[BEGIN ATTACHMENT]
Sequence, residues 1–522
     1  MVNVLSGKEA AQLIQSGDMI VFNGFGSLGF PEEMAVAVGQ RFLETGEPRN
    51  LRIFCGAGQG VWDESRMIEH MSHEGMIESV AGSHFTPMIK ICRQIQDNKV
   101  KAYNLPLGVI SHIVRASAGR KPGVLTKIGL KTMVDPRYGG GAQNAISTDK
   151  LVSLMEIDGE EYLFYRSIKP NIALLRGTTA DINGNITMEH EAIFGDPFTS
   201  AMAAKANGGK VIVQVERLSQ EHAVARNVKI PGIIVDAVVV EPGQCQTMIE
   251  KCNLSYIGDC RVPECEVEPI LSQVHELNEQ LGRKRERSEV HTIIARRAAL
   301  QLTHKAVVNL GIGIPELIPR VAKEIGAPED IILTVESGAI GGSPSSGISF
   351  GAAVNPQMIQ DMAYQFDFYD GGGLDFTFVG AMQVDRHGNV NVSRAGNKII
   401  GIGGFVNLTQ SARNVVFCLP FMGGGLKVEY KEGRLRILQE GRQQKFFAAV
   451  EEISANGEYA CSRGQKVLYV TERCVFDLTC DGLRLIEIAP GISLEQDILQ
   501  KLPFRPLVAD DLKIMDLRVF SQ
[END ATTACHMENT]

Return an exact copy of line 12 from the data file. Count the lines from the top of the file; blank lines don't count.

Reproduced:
   501  KLPFRPLVAD DLKIMDLRVF SQ